Jorge Ramos anchors the top-ranked newscast on Spanish-language TV, Noticiero Univision, alongside Maria Elena Salinas. Sometimes called "the Spanish-language Walter Cronkite," Ramos has been a vocal — and influential — proponent of an immigration overhaul. (In recent summers, Ramos' network Univision has topped the prime-time TV ratings for all networks in the U.S.
Roberto Francisco Daniel, widely known as Padre Beto, was excommunicated by the Catholic Church for his views on gay marriage and other hot-button issues. The former priest says the church must adapt to a changing world.
His name is Roberto Francisco Daniel, but he goes by Padre Beto. He sports an ear clip, and a rosary around his neck that dips into an open-necked patterned shirt. In short, Padre Beto looks cooler than your typical priest.
His decision to become a Catholic priest came late, he says. He was 28. He'd been to college, worked, and he wasn't a virgin. He says he thinks that's why he has a different way of looking at church doctrine.
Cuban baseball players have been defecting to the U.S. in growing numbers over the past two decades. Increasingly, smugglers play a role in getting the players off the island, U.S. baseball agents say.
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Cuba's team at the World Baseball Classic in Tokyo on March 8. More than 200 Cuban players have defected to the U.S. over the past two decades, and smugglers are increasingly involved in getting the players off the island, according to U.S. baseball agents.
Cigars aren't the only thing smuggled out of Cuba these days.
Cuban baseball players are also a hot commodity, and sports agents in the U.S. say the process is increasingly dominated by smugglers who track down players willing to defect and find surreptitious ways to deliver them to the United States.
"The whole business got pretty much taken over by smugglers," says former baseball agent Joe Kehoskie.
The calls to boycott Florida grew louder and more widespread on Friday after Gov. Rick Scott reiterated his support for the broad self-defense law that was key to the acquittal of George Zimmerman in the Trayvon Martin case.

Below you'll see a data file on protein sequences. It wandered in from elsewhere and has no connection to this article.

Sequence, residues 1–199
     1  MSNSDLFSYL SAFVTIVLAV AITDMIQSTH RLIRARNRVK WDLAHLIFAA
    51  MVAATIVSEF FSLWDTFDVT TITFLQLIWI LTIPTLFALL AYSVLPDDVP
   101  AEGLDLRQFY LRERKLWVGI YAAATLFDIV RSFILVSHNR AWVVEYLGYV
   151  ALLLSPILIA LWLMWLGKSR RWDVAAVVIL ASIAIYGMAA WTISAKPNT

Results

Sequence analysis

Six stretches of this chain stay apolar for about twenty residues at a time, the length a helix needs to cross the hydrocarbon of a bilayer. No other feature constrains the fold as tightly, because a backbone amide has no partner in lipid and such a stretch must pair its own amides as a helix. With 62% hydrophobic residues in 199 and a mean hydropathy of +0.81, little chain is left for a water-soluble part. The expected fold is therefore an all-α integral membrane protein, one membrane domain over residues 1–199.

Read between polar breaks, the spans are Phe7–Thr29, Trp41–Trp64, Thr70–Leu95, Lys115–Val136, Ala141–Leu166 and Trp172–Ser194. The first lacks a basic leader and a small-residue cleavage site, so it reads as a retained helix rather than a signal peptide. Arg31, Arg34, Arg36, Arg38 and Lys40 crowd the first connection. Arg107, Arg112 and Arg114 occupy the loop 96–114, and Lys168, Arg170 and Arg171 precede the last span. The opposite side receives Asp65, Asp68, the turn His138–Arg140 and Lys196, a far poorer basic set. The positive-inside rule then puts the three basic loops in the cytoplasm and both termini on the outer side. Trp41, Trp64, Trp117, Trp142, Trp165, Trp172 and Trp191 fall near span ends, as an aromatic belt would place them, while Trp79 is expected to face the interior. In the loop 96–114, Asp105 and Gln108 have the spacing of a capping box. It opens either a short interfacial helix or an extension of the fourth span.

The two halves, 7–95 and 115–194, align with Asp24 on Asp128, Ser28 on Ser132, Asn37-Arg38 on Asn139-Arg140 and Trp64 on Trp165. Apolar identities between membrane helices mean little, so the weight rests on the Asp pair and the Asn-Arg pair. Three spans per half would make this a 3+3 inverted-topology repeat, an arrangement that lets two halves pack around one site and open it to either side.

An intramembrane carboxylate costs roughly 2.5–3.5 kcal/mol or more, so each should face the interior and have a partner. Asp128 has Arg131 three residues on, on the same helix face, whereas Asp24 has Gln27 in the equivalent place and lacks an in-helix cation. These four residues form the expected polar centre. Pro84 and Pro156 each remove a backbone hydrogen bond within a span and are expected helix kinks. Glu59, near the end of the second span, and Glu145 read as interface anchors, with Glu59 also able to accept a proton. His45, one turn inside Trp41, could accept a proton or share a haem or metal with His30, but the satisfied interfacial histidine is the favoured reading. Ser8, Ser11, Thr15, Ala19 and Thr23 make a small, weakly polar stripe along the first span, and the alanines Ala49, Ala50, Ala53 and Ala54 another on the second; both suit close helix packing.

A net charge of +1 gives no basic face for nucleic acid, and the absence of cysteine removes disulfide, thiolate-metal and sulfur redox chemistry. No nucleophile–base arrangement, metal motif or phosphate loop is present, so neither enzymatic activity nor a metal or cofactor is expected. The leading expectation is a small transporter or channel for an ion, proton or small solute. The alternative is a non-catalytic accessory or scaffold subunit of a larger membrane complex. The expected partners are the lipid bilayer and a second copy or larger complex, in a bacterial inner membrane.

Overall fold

Scott told demonstrators occupying the state capitol on Thursday that he will not submit the Stand Your Ground law to a special legislative session for revisions despite demands by activists, elected leaders and at least one prosecutor earlier in the day.
In the days after a Florida jury acquitted George Zimmerman in the killing of teenager Trayvon Martin, protesters camped out at Gov. Rick Scott's office in Tallahassee, calling for a meeting.
When Scott met with protesters on Thursday, one of the group's leaders, Philip Agnew, asked the governor to convene a special session of the Legislature to look at repealing the state's stand your ground law.
"It is the time for leadership," Agnew said. "The world is watching. Most definitely, the nation is watching. And you have the opportunity to stand tall above the rest."
A helicopter carries VIPs to the Brazilian Grand Prix in Sao Paulo in 2010. Politicians taking expensive helicopters and government planes have generated controversy in Brazil.
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A helicopter is refueled at an airfield in Sao Paulo in 2009. The wealthy rely on helicopters in Brazil to avoid the gridlocked traffic. Politicians who frequently use helicopters, even for short commutes, are now coming under criticism.
Unlike New York Mayor Michael Bloomberg, who often takes the subway to work, some prominent politicians in Brazil have a far more impressive way of getting around: private helicopters and government planes.
Perhaps the most over-the-top example of the trend is that of Rio de Janeiro state Gov. Sergio Cabral. A recent magazine expose showed that his commute to work is only about 6 miles.